Ways to reduce your diabetes risk – it’s not all about sugar

-May 29, Hannah Hargrave, Health -

If you want to reduce your risk of type 2 diabetes then there are more ways than just cutting down on sugar you can do it

In honour of Diabetes Week Lumity is looking at the ways you can reduce your risk of diabetes in more ways than just cutting down on sugar.

When people think about their risk of diabetes their mind instinctively leaps to the sweet stuff and how they can remove or reduce it from their diet.  While this is a very important factor it’s far from the only thing you can do to lessen your chances of being diagnosed with type 2 diabetes.

Although you can’t change your genes, your age or your past you can take action now to reduce your risk and better your health all at the same time. 

Related: Could you have diabetes? Check your risk

What is type 2 diabetes?

Type 2 diabetes is an issue which causes your body’s blood sugar levels to rise higher than normal.  The pancreas produces the hormone insulin which is responsible for controlling the amount of sugar (glucose) in the blood. 

When you have type 2 diabetes your pancreas either isn’t producing enough insulin or the cells in the body aren’t reacting to it.

The glucose then stays in the blood and isn’t used as fuel. 

What are the symptoms of type 2 diabetes?

You may feel very thirsty, tired and be needing to urinate more often especially at night. Wounds may take longer to heal and your vision can become blurry too.

If left untreated type 2 diabetes can have a devastating effect on your body and can lead to heart disease, nerve damage, stroke, foot problems, kidney disease and loss of vision. 

Quit Smoking

Smoking makes it much harder for your body to control blood sugar levels. It changes the way you process and regulate glucose which is why it increases the risk of developing diabetes. It won’t be easy but since the link between smokers and the disease is so strong it will be worth it.

Related: The nutrients you need to help you quit smoking

Exercise Regularly

Being active really is amazing medicine for your body, your brain and your overall wellbeing. Regular exercise can also help prevent diabetes.

When you workout insulin sensitivity increases in your cells which means you don’t need as much to keep your blood sugar levels stable. 

Exercising once or twice a month won’t make an impact but if you make it a regular thing you will reap the rewards in the long run. Find  something you enjoy and you’re far more likely to stick with it too.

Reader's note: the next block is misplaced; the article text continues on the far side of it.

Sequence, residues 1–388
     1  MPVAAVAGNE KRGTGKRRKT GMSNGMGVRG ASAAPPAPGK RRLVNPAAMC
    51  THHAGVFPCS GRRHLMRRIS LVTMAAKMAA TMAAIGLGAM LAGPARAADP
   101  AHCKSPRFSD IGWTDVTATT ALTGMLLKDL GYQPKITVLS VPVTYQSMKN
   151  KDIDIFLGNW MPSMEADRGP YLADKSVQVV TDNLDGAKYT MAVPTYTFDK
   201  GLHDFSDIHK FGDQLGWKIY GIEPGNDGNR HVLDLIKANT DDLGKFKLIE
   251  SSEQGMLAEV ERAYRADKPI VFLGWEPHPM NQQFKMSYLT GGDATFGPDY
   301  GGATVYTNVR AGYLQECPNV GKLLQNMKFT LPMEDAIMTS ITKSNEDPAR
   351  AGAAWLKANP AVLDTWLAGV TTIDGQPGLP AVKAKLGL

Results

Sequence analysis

Lose Weight

This ties nicely in with the point about exercise. If you’re overweight you likely carry excess weight around your tummy and abdominal organs, which includes the liver. 

This is called visceral fat and too much of it promotes insulin resistance.  By losing weight – even a small amount – you can significantly reduce the risk of type 2 diabetes and will improve your overall health as well.

Eat Fibre

Pack your diet with fibre to help prevent spikes in insulin and blood sugar levels. It’s also great for your gut and for keeping your weight on track. Healthy high fibre foods include whole grains, broccoli,  carrots, fruit, such as pears, melons and berries. Potatoes with the skin on, pulses, nuts and seeds are also great options. 

Ditch Processed Foods

Regardless of whether you’re concerned about diabetes, cutting back on processed foods is a good idea. Eating a balanced and healthy diet with plenty of fruit and vegetables, rather than living off packaged and processed meat, sweets and ready meals will trim your waistline and reduce your risk of diabetes.

Processed foods are often high in additives, vegetable oils and sugars which negatively impact your health.

Go Low-Carb

Low-carb foods are sugar friendly where as the likes of white bread, pasta and potatoes can cause blood sugar levels to spike. You don’t have to feel deprived cutting back on the carbohydrates though. There are plenty of healthy alternatives and recipes which will leave you feeling just as satisfied as a big bowl of carbonara!

Manage Your Portions

It’s all very well saying you eat a healthy diet but if your portions sizes are too big you’re ruining your hard work and risking gaining weight and getting diabetes. Too much food can cause your blood sugar levels to rise so it pays to be mindful about how much you’re putting on your plate. 

If you’re keen to improve your health and reduce your risk of diabetes you might also like to read how you can squeeze a little more exercise into your life and discover more about the low-carb ketogenic diet.

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